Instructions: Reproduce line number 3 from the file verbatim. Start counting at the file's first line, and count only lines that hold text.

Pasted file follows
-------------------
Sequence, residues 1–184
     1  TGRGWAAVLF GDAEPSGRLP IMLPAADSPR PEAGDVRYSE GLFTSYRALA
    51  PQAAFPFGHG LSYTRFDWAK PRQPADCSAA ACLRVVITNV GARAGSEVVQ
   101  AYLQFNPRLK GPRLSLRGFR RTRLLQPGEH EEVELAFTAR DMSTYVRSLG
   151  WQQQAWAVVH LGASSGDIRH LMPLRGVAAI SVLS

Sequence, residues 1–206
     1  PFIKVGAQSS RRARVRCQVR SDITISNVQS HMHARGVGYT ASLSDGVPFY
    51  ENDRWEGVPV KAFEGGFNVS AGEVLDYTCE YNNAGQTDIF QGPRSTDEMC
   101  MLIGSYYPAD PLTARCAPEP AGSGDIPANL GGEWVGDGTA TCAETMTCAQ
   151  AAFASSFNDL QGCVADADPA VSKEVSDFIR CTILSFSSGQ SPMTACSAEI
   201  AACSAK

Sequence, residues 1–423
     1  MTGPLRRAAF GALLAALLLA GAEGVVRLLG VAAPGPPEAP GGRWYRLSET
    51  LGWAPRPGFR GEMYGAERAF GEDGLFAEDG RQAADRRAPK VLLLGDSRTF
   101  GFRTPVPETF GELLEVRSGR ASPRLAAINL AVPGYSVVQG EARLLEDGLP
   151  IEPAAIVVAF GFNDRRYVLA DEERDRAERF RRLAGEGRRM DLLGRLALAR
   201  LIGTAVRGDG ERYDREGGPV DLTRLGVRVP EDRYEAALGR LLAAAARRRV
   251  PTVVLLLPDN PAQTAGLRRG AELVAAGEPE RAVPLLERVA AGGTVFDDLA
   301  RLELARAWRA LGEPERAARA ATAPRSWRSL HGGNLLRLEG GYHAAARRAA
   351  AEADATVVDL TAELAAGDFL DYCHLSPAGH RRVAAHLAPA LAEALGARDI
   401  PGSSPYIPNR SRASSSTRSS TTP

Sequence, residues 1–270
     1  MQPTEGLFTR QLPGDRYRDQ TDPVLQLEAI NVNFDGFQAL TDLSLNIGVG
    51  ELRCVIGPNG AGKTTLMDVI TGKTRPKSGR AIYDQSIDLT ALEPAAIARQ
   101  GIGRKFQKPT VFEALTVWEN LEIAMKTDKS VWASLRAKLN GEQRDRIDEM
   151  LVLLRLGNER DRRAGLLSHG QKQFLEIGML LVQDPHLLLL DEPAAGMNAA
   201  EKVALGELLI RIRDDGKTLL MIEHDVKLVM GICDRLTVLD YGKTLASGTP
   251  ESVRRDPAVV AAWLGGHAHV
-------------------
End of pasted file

    51  PQAAFPFGHG LSYTRFDWAK PRQPADCSAA ACLRVVITNV GARAGSEVVQ